How to Break Codependency Habits

Codependency is a frequently used term these days, but the actual disorder is quite complicated. So, it would stand to reason that breaking codependency habits would be complicated as well.

Let’s take a quick look at the definition of codependency so we can identify some of the unhealthy habits that go along with it and then break them.

What is Codependency?

Codependency, in its simplest terms, is an addiction to control. It is an addiction to controlling other people, their feelings and their behaviors. Let me be clear, codependent people are not intending to harm others.

Codependent people navigate relationships with others through a series of maladaptive patterns and behaviors that convince them that they can control the feelings, thoughts, and behaviors of other people. What does the codependent get out of this? A very short-lived feeling of gratification.

Related: Must Read Books on Codependency Recovery

So, let me identify a few of the most harmful codependency habits and give some tips to break these habits.

Codependency Habit #1: Living in Denial

Codependents are very often unaware of their codependent patterns and behaviors. In fact, they believe themselves to be quite helpful, caring and selfless and they are. However, the difference between being helpful, caring and selfless in a codependent relationship versus a healthy relationship is that they are frequently doing all of these things while sacrificing their own needs and well-being.

As a result, they are frequently unable to identify how they are feeling, they conceal emotions that are painful, they may communicate in passive-aggressive ways and very often do not recognize when they are in relationships that are abusive and unhealthy. They are blissfully unaware of the cycle of codependency.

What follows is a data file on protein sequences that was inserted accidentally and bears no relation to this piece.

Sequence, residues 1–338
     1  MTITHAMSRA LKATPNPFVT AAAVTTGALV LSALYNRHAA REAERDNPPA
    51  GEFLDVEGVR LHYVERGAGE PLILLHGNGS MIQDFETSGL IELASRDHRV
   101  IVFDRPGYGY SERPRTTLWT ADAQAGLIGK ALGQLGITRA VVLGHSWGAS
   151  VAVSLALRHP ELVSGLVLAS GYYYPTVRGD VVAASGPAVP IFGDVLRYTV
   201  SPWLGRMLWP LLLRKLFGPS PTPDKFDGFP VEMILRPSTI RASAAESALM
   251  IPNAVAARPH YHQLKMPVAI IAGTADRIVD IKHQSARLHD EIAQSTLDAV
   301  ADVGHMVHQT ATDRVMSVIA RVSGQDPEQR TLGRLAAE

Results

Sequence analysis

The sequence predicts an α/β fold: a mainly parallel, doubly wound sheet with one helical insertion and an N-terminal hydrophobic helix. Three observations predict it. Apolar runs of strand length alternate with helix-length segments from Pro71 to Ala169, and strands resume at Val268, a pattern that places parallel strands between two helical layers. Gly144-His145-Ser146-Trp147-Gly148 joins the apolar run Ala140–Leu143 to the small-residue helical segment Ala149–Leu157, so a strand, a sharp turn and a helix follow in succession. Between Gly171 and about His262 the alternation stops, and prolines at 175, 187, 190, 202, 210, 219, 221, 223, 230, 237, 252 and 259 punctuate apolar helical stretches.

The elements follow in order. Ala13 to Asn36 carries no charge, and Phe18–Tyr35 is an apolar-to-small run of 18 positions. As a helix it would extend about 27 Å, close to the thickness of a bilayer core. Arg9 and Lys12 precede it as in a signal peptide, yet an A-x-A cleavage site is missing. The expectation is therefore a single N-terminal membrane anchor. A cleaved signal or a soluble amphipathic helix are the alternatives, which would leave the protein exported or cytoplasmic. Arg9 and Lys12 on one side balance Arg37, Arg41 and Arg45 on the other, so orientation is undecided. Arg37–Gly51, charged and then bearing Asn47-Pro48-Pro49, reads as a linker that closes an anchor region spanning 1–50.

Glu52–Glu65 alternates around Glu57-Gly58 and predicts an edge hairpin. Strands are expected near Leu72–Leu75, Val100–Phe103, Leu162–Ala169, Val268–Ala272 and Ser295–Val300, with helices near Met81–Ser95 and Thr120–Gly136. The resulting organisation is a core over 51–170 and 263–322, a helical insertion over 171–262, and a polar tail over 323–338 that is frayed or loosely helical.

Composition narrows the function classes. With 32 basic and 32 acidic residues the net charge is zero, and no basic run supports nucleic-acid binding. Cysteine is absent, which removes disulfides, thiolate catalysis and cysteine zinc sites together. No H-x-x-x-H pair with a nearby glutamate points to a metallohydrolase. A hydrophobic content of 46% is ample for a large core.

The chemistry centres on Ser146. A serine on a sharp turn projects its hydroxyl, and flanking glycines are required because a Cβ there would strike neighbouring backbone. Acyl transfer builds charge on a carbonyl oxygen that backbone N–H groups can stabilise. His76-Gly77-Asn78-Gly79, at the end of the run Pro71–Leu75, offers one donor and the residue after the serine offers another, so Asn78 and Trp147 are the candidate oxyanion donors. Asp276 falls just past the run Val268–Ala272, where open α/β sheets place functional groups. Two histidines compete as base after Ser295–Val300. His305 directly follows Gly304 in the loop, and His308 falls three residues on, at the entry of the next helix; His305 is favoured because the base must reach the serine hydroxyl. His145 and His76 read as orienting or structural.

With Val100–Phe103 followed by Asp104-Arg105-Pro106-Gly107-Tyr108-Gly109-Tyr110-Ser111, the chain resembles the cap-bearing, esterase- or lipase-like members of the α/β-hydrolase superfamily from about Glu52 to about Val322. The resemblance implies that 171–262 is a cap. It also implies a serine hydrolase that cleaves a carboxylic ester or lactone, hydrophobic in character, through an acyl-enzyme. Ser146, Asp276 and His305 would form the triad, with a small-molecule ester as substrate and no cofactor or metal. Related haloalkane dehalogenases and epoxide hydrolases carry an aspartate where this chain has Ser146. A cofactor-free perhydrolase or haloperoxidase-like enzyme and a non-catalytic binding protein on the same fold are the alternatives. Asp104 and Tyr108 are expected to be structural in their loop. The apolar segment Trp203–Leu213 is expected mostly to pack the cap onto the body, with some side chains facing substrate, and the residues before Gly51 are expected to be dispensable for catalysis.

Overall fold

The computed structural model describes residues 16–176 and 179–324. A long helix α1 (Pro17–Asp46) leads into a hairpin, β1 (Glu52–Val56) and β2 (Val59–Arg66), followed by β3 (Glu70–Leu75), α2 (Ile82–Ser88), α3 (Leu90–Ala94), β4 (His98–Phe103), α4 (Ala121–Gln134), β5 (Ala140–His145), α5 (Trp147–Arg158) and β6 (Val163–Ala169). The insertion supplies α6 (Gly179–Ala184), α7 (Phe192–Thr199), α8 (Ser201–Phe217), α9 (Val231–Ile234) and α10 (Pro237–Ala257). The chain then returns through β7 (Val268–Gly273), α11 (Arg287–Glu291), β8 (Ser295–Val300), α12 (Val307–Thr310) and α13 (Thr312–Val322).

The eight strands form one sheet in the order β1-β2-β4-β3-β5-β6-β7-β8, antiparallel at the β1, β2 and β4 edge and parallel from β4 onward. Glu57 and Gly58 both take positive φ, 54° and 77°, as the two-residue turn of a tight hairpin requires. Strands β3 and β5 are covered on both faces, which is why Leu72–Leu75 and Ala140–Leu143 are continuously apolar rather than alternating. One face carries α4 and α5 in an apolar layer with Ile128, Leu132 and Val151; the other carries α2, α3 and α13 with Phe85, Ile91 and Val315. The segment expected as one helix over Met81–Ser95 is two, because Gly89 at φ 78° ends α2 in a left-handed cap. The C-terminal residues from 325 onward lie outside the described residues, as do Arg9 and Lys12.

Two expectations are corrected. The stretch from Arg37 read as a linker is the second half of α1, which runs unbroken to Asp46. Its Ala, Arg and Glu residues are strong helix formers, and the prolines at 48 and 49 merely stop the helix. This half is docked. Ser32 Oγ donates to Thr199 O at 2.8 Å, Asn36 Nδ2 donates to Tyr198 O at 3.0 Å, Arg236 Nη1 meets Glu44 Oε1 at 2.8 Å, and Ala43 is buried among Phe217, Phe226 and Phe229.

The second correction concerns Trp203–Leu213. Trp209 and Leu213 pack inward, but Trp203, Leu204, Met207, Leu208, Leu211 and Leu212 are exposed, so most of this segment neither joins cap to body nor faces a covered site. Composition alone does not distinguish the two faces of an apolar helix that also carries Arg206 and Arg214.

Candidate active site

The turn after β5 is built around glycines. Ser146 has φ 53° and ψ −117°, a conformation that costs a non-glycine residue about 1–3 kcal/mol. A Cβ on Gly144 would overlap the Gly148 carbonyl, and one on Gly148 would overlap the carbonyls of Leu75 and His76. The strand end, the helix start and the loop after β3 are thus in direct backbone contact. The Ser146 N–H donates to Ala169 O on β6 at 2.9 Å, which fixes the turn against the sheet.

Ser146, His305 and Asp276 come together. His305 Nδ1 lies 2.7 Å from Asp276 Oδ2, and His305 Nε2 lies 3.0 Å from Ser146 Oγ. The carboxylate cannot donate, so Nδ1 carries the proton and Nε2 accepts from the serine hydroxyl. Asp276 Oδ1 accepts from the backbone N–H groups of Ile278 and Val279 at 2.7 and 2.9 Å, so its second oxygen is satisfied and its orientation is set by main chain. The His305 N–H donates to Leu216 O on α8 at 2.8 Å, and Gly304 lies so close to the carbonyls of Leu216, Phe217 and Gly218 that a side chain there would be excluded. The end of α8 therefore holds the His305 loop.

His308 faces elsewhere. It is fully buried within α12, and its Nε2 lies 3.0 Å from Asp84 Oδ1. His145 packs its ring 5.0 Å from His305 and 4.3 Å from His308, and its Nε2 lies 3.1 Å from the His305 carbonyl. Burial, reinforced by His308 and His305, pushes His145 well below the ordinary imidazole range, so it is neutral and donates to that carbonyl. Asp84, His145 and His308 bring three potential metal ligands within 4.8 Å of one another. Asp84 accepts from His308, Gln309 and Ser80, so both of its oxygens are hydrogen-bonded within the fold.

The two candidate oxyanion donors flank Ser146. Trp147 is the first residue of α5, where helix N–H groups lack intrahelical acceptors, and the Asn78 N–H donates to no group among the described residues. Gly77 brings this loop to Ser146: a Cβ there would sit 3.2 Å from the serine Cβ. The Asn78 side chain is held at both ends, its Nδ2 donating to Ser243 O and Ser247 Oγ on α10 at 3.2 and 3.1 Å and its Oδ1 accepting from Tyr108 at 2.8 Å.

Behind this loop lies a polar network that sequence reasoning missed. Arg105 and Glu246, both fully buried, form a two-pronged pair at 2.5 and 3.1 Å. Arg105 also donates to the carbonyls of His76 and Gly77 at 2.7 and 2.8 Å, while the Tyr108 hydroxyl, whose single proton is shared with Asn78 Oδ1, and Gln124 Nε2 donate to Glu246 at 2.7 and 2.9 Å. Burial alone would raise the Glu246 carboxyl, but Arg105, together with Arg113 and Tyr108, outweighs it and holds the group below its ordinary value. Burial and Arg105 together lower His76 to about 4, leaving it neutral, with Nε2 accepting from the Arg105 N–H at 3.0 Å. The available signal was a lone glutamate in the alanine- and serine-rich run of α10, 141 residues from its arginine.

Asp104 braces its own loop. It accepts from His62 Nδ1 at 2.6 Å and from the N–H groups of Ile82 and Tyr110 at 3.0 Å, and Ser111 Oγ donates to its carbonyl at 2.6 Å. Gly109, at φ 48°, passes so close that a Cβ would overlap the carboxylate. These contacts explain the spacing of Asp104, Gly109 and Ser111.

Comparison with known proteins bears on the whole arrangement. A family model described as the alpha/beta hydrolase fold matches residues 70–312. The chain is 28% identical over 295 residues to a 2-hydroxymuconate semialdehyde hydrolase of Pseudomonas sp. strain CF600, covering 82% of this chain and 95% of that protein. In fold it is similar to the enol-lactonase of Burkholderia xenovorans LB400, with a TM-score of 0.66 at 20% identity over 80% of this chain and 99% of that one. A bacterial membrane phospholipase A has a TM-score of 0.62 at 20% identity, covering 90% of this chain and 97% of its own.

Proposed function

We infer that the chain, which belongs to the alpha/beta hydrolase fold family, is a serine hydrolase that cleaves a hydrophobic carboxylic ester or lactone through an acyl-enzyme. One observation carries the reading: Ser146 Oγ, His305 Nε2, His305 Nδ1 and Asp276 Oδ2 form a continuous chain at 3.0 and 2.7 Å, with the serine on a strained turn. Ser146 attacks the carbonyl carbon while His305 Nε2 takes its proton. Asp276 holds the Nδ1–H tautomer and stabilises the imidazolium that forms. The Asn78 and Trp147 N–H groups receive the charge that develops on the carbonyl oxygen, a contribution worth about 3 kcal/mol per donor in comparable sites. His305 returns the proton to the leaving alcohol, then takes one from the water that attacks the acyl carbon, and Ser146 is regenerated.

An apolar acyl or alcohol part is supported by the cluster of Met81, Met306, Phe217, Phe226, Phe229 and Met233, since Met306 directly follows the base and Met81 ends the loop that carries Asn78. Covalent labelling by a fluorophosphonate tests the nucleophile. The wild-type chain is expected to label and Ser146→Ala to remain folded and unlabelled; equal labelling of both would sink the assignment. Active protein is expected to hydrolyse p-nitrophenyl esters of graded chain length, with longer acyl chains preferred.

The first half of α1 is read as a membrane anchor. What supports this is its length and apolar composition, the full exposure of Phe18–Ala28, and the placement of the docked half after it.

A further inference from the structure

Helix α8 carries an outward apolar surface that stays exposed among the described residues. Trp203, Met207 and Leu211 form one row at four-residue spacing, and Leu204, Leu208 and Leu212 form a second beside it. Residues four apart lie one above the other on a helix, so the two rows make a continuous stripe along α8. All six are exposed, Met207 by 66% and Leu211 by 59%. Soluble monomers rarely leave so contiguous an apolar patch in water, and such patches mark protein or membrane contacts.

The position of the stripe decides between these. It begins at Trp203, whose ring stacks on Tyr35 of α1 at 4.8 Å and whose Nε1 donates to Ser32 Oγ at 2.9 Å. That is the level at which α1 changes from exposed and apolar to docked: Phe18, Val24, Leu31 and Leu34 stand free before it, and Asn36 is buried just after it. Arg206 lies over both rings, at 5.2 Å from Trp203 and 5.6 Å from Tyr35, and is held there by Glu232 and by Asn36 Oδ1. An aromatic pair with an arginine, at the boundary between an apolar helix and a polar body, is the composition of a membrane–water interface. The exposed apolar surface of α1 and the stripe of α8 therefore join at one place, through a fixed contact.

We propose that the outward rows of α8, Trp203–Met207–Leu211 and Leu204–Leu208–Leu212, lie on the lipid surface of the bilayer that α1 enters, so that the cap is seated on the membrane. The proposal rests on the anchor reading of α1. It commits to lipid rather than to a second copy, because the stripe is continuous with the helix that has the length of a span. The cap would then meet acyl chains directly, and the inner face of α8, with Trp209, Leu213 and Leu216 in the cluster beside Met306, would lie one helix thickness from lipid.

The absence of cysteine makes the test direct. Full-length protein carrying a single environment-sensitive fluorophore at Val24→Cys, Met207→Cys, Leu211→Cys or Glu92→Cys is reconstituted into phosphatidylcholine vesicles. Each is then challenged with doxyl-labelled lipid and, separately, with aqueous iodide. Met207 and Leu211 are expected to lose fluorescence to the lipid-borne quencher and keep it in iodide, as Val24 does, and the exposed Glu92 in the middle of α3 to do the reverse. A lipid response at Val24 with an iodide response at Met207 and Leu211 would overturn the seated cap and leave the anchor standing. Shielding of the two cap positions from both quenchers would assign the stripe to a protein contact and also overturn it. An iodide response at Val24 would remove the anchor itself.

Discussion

Break it!

Breaking out of the cycle of codependency starts with learning how to identify, feel and express emotions and sharing emotions with other people. When expressing your emotions, express them directly, assertively and with confidence. Begin to engage in relationships that are healthy, loving and caring.

Learn to let go of relationships that make you feel bad about yourself or that drain you. Healthy relationships should not leave you exhausted at the end of the day!

Codependency Habit #2: Perpetuating low self-esteem

Low self-esteem is a well-known symptom of codependency. People with codependent tendencies have difficulty making decisions, believe that their opinion is not as important as other peoples and do not perceive themselves as worthwhile and lovable.

They then frequently find themselves in unhealthy relationships, situations and, let’s face it, in a negative headspace. As a result, self-esteem and self-worth stay in a perpetual loop of negativity, self-doubt, and hopelessness. Over time, this can lead to serious mental health difficulties.

Break it!

To be honest, improving self-esteem and self-worth is a life-long commitment. However, focusing on self-care can help us improve it. Most important is a commitment to speaking well of yourself. If you wouldn’t say it to your best friend, do not say it to yourself.

Here’s the caveat, you don’t have to believe it to say it! You just have to say it to believe it! Consider thinking of yourself as valuable, check your motivations for doing things for other people, and take responsibility if you make a mistake. Learning to love yourself unconditionally only serves to improve your relationships with others in the long run.

Codependency Habit #3: Overfocus on others

Codependent people will frequently gush about how loyal they are as friends and partners. Ride or die, as they say. There is nothing wrong with being a loyal friend as long as there is a minimal personal cost to do so. The overfocus of codependents on everyone around them leaves them vulnerable to a loss of self, suppression of emotions and decision making without regard to consequences.